Kono statement drafter: No records of military coercion in recruiting 'comfort women'
A former senior official who helped draft the 1993 Kono statement of apology to wartime “comfort women” said no direct evidence was found to support assertions that the Japanese military played a coercive role.
Nobuo Ishihara, a former deputy chief Cabinet secretary, said Feb. 20 that the military’s involvement mentioned in the statement was based on witness accounts, not documents.
“None of the materials available to us backed up the allegations that the Japanese government and military were directly involved in coercive recruitment,” Ishihara said as an unsworn witness at a Lower House Budget Committee session. He was responding to questions by Hiroshi Yamada of the opposition Japan Restoration Party.
Ishihara said the statement was issued at a time when pressure was increasing to strengthen relations with South Korea.
In August 1993, Chief Cabinet Secretary Yohei Kono released the statement apologizing to former comfort women who were forced to provide sex for Japanese soldiers at front-line brothels during World War II.
The statement acknowledged the Japanese military was involved either directly or indirectly in the installation and operation of “comfort stations,” and the transport of the women.
According to Ishihara, the roots of the Kono statement can be traced back to 1991, when a group of former comfort women from South Korea sued the Japanese government. In response, Koichi Kato, chief Cabinet secretary under Prime Minister Kiichi Miyazawa, released a statement that said Tokyo would not take any action.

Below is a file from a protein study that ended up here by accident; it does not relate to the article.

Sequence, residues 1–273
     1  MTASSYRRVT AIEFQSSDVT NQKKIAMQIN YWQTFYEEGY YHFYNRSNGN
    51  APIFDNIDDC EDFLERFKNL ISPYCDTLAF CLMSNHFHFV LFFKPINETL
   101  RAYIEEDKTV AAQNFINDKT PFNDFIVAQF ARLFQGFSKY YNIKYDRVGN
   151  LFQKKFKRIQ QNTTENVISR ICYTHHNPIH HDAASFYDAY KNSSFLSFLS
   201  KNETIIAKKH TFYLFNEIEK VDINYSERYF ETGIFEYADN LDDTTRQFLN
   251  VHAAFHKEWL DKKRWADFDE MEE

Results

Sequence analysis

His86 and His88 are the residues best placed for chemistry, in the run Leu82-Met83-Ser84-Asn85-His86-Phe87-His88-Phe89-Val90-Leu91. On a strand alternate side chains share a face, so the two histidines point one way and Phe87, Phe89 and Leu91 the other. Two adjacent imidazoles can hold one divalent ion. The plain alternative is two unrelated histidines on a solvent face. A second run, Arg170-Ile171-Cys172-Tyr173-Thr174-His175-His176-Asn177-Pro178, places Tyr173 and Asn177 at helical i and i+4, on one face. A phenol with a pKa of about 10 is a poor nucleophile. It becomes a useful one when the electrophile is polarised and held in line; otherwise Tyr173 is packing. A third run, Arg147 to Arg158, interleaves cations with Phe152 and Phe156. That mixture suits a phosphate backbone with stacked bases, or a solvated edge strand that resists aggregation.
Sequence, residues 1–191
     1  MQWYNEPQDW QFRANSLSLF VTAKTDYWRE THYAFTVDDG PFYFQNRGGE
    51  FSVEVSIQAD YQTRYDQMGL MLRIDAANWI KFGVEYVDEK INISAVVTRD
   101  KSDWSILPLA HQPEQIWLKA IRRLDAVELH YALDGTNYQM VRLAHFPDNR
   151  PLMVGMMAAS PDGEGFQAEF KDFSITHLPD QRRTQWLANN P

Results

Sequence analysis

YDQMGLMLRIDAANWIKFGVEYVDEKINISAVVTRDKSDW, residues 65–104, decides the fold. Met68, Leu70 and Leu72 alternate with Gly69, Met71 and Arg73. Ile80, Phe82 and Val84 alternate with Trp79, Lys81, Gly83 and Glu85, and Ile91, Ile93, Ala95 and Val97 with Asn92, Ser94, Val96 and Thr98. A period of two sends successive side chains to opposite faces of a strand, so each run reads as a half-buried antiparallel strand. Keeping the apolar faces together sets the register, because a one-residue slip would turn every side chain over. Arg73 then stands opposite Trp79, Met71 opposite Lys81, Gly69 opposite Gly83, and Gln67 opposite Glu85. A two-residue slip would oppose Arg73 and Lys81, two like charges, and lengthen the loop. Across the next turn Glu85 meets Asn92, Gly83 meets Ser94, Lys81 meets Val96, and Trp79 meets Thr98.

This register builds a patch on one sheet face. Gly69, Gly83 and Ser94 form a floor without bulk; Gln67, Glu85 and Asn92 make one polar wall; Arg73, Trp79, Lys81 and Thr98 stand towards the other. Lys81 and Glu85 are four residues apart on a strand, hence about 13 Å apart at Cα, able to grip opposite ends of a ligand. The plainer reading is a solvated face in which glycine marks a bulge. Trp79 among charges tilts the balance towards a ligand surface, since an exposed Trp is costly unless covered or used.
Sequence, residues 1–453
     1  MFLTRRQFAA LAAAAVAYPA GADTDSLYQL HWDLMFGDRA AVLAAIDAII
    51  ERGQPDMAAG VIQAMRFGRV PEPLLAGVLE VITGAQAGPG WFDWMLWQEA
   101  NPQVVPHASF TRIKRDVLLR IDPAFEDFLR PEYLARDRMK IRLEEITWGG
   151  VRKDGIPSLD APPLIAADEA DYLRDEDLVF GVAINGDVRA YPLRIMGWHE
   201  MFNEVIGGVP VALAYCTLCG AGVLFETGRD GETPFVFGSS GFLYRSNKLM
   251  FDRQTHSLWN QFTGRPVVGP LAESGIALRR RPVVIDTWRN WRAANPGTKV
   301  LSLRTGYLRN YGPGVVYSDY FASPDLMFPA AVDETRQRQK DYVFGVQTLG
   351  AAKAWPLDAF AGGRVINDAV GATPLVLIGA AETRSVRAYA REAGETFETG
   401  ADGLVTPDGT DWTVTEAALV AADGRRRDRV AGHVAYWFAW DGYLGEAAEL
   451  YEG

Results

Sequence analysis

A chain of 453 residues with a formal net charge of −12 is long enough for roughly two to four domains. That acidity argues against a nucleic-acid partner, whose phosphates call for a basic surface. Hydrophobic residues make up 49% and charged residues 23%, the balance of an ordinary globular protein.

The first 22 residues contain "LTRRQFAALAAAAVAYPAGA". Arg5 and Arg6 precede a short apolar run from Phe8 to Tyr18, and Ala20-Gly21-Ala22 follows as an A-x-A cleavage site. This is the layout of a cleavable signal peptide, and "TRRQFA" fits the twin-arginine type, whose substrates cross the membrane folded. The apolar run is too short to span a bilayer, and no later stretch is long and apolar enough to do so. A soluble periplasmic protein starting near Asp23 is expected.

South Korea reacted angrily and called for Japanese government investigations into the matter. But the welfare ministry, responsible for handling war-related issues, said it possessed no relevant documents.
Ishihara said he asked other ministries to gather materials on the issue, but no documents turned up showing that the women were forced into the brothels.
Kato announced the findings in another statement, but Seoul called for additional investigations.
After Kono replaced Kato as chief Cabinet secretary, the investigation continued, but still no records were found to corroborate allegations that the women were forcibly recruited.
South Korea asked Japanese officials to listen to what the women had to say.
Tokyo agreed to interview 16 former comfort women in hopes of breaking the impasse and improving relations between the two countries.
“Some of the comfort women testified that government authorities were involved in the recruitment process,” Ishihara said. “We relied on those accounts to finalize the Kono statement.”
Ishihara said despite the women’s testimonies, Japan still did not have any definitive materials to back up their allegations.
“We settled on the expressions that we used in the (Kono) statement because we decided it could not be ruled out that government authorities were involved with the recruiting agents,” he said.
Ishihara said the testimonies revealed that recruitment was undertaken mostly by agents, and that there was a possibility that government or military authorities were involved in the recruiting process.
“We never admitted the recruitment was based on direct instructions from the Japanese government and military,” he said. “No corroborative probes took place afterward to verify the facts of the testimonies. We were not in an atmosphere where we could have opened corroborative investigations. We were not in an atmosphere where we could have asked to do so.”
Prime Minister Shinzo Abe was in attendance at the Lower House Budget Committee session.
When he was serving his first stint as prime minister in 2007, his Cabinet approved a document that said, “There was no mention in the documents, discovered by the government before it announced the investigation results on the same day (it released the Kono statement), that directly pointed to so-called forcible transport (of the women) by the military or government authorities.”
His current administration has come under fire from South Korea and China over territorial issues and perceptions of events before and during World War II.